March was supposed to be a joyous new beginning for Matthew and Alexis Sullivan.
Alexis said it was a long year.
“Anything that could go wrong did go wrong.”
The roof leaked. It took four or five tries to patch it up. And that stalled everything else, like the flooring and drywall. Meanwhile, they took other jobs to provide for their themselves and their two young kids.
They finally opened the new location in March. For a fleeting few nights, the Sullivans took it all in.
“We had moments in those nights where people were in the dining room enjoying each other and laughing, having a great time, enjoying their food, their company,” Alexis said. “And all these worries and all these concerns kind of went out the door, and it was really beautiful.”
Matthew said the couple put “every dime” into the relocation.
“And our timing couldn’t have been worse, that’s for sure,” he said.
Their opening night came three days before Rapid City began a shutdown of restaurant dining rooms because of the coronavirus.
The Sullivans are an extreme case, but restaurant owners everywhere face a crisis. The National Restaurant Association says the industry has lost 3 million jobs and $25 billion since March 1.
In Rapid City, Tom Johnson is president and CEO of the Elevate Rapid City economic development partnership. He’s worried about local restaurants, so he made a social-media video to show curbside pickup is safe.
In the video, he drives up to the curb and narrates, “This gentleman’s going to get me my food, you see he’s remaining his proper social distance, got his gloves on, I’m about to sign, pick up this food, and we will go from there. You can do curbside pickup. This is not a problem at all.”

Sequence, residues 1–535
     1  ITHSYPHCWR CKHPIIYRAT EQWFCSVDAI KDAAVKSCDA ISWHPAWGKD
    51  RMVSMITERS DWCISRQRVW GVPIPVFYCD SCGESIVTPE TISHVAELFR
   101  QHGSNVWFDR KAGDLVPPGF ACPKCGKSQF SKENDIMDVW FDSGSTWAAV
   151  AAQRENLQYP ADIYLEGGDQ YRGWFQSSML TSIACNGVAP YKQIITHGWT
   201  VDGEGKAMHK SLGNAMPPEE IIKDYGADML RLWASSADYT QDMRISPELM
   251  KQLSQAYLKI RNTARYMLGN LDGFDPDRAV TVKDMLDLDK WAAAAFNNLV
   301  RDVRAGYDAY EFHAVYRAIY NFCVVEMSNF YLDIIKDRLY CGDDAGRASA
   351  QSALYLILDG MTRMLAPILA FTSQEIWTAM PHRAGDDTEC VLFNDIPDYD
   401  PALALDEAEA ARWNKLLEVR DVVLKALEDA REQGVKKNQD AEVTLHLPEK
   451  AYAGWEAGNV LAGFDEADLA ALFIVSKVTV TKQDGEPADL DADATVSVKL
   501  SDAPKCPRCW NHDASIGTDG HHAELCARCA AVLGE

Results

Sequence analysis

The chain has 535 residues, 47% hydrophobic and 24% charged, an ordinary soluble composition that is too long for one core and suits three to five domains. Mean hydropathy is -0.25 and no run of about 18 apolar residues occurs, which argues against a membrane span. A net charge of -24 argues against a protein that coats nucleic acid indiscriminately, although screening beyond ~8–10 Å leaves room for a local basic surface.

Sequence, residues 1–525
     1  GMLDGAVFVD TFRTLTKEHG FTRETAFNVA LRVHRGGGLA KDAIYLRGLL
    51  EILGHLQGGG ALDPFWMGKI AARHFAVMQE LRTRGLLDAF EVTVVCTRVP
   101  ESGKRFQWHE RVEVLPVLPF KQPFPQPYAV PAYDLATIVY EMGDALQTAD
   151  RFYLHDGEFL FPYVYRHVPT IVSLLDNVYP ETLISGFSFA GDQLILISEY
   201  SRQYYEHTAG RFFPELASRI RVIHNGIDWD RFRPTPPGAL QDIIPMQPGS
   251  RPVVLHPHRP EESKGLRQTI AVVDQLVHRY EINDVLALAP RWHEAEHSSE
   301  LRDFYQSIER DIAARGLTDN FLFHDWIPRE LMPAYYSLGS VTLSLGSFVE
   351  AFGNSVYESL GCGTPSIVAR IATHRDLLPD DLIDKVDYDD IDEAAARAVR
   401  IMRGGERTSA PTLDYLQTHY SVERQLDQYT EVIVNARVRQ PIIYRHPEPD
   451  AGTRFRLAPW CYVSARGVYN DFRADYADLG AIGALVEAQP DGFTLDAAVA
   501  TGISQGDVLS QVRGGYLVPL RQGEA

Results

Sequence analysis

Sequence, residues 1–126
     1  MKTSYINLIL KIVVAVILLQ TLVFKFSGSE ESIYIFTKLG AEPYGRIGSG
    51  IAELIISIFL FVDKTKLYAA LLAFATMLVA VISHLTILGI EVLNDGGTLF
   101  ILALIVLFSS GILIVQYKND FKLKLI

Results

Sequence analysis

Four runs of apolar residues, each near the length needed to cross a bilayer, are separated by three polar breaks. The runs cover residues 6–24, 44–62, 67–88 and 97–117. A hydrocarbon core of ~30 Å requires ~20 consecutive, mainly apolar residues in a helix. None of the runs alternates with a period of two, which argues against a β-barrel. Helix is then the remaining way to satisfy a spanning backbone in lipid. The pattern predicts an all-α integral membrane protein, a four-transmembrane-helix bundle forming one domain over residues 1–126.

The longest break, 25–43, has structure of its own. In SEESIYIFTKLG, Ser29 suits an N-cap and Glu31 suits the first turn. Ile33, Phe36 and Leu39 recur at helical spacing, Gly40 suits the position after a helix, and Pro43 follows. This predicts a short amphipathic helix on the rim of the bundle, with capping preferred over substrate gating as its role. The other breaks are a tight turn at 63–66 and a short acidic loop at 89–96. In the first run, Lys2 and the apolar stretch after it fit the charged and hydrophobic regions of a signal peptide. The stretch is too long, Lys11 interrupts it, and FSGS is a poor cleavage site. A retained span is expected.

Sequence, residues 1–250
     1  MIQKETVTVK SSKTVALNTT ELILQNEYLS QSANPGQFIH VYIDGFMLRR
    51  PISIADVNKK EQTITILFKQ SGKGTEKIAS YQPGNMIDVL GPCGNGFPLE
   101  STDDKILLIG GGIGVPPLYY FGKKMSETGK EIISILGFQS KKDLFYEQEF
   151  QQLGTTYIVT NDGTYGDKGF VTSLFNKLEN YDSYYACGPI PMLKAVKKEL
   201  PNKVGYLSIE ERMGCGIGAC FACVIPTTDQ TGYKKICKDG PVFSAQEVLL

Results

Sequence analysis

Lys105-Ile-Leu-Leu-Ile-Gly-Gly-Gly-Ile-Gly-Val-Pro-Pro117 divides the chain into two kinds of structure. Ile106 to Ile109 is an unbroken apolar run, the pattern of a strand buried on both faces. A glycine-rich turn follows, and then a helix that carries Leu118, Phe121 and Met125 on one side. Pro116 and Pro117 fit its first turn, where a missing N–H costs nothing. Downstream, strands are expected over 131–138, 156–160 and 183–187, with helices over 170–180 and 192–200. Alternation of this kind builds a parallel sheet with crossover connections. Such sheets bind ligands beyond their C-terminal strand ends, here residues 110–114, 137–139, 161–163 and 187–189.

That’s been a popular refrain all over the country: Support local restaurants by ordering takeout and delivery. But some people wonder if it's safe.
The CDC says the coronavirus is not transmitted through food. Yet experts say the virus could be transmitted on restaurant packaging, although the chance is low.
Wendell Hoffman is an infectious disease specialist for Sanford Health.
“I’m not aware of any evidence as I sit here that getting food from takeout puts one at increased risk,” Hoffman said recently on SDPB Radio’s “In the Moment.”
Beyond safety, there’s an economic dilemma. Offering takeout and delivery might keep a restaurant partially open, but at what risk? What if orders don’t cover the costs?
And the Sullivans wondered, what if they invested in a pickup service only to have the government ban takeout and delivery?
Still, they took the leap. They’re offering takeout options including three-course meals.
They’re also applying to emergency loan programs, but they’re worried they won’t qualify. The paperwork for one loan asks for their last 12 months of revenue. They didn’t have any, because they were closed. Meanwhile, their bills are piling up.
“Restaurant profit margins are already pretty much razor thin, and we were never lining our pockets, that’s for sure,” Matthew said. “Now it’s going to be really difficult just to keep the lights on, but we’re going to try.”
To keep their costs manageable, the Sullivans are ordering enough ingredients to sell 24 two-person meals each day. They sold out the first couple of days, but orders have slowed down lately.